As they approached a construction detour in the road, Agop was in the passing lane when he says a big-rig truck in the right-hand lane swerved towared his SUV. When Agop applied the brakes, he claimed the vehicle began to shake violently- a problem it had exhibited in the past- and he lost control of the vehicle. He hit a concrete barrier erected by Caltrans, called a K-wall. The vehicle jumped up onto the wall, rode on top of it for about 100 feet, then flipped over into the oncoming lanes, when it rolled several times. Everyone except Catherine Gozukara, who was not wearing her seat belt, was ejected from the vehicle right away. She rolled in the SUV several times before finally popping out of the window. Catherine Gozukara broke her vertebra, her scapula and her leg, and was rendered a paraplegic. Agop Gozukara suffered severe leg fractures and still has trouble walking.
Conroy argued that the design of the vehicle didn’t cause it to roll over in this case. Rather, the vehicle flipped over because it hit the Caltrans barrier and the way in which it hit the wall. “When this Explorer hit that conrete barrier at a speed in excess of 60 miles an hour, the conrete barrier had an effect like a skateboard ramp,’ Conroy said, according to court documents.
But the Medical examiner who was first to arrive after the accident, Pat apacoda, helped convince the jury that the vehicle’s vibration problem, for which the Gozukaras had repeatedly taken the car to the dealership to have fixed, was the true cause of the accident. “Apacoda got to the scene and asked Agop questions about what happened,” O’Reilly says. “Apacoda explained, ‘He had very bad English and a strong accent, but he finally said and showed me with his hands, ‘Shake, shake, vibrate car.”‘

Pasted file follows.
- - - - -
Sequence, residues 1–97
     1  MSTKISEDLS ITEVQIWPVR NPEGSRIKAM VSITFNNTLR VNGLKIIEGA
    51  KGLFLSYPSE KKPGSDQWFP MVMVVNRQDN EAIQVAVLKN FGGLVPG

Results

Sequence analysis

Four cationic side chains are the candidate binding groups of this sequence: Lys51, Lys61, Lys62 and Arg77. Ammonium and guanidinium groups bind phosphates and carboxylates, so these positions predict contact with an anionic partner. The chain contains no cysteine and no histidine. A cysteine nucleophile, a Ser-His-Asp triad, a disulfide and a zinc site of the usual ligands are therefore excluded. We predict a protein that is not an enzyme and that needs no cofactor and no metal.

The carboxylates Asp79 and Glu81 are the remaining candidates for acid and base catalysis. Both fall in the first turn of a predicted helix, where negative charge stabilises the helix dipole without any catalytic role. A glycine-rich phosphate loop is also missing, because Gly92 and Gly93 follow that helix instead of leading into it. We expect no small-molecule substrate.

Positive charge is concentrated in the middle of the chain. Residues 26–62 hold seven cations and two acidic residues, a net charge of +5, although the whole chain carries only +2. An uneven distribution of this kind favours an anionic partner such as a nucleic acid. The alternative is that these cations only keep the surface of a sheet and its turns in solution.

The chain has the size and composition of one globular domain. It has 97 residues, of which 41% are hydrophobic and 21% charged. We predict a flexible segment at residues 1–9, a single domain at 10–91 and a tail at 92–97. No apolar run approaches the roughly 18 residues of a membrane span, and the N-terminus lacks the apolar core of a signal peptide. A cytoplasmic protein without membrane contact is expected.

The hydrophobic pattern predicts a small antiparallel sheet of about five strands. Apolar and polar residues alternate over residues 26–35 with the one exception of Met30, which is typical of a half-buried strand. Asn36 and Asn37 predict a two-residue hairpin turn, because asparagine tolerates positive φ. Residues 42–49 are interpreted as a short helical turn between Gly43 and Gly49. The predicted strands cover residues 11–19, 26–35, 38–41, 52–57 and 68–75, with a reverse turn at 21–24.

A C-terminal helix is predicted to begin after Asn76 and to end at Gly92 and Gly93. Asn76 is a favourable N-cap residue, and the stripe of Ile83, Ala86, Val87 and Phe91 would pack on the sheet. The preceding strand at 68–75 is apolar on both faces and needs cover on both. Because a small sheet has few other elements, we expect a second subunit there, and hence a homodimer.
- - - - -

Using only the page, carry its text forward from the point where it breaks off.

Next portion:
‘A High-Tech Auto Shop’
O’Reilly and Mardirossian faced six attorneys during trial – three for Ford and three for MacPherson – and relied on a mountain of evidence to prove the accident was no the Gozukaras’ fault.
“We basically contended that the dealership knowingly sold the used vehicle with a vibration problem in the front end, which they didn’t fix despite it being brough in several times, and that’s what cause the accident,” O’Reilly says. “Against Ford,” he continues, “we contended that the vehicle shouldn’t have rolled when it came off the k-rail, but it did because the center of gravity was too high.”
According to Judge John P. Vander Feer, presidnet over his firt jury trial involving the Ford Motor Co., the size and number of exhibits was astounding.
“There were a total of 527 marked exhibits,” Vander Feer says. “My courtroom was filled with electronic media, wires and vehicle parts. [It] began to look and smell … like a high-tech auto shop.”
O’Reilly used videos of prototype Ford Explorers running thorugh tests and flipping onto their sides to talk about how sensitive the vehicle is, and how easily it could flip. “We had documents from Ford that showed they knew the Explorer was so touchy that little things like changing the air pressure in the tires by 1 or 2 pounds could cause it to roll over,” he says.